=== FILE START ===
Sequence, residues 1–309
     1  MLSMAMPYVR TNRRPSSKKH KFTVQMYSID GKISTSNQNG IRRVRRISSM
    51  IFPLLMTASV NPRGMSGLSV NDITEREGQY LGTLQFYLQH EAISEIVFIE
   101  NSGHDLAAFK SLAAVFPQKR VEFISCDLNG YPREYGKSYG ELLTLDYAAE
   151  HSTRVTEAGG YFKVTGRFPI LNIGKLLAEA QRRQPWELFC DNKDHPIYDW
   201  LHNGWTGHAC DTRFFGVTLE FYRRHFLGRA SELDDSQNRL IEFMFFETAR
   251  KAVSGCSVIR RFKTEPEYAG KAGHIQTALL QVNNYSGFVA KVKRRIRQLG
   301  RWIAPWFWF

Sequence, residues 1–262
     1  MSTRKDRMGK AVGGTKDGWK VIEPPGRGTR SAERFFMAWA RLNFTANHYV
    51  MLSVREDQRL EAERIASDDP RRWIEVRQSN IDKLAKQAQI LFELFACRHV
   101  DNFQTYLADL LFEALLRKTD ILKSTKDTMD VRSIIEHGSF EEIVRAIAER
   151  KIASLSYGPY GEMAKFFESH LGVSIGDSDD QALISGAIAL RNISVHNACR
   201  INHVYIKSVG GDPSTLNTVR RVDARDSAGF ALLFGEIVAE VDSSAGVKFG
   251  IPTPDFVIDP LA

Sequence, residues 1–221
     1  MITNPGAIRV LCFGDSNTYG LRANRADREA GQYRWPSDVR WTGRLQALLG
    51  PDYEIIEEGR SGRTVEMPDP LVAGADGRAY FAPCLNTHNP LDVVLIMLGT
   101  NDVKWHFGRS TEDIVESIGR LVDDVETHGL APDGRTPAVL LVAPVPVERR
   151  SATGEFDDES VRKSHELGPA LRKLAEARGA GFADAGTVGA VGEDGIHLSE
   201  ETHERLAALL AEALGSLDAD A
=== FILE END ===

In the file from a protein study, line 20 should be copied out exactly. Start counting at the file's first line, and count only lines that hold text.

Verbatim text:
   151  SATGEFDDES VRKSHELGPA LRKLAEARGA GFADAGTVGA VGEDGIHLSE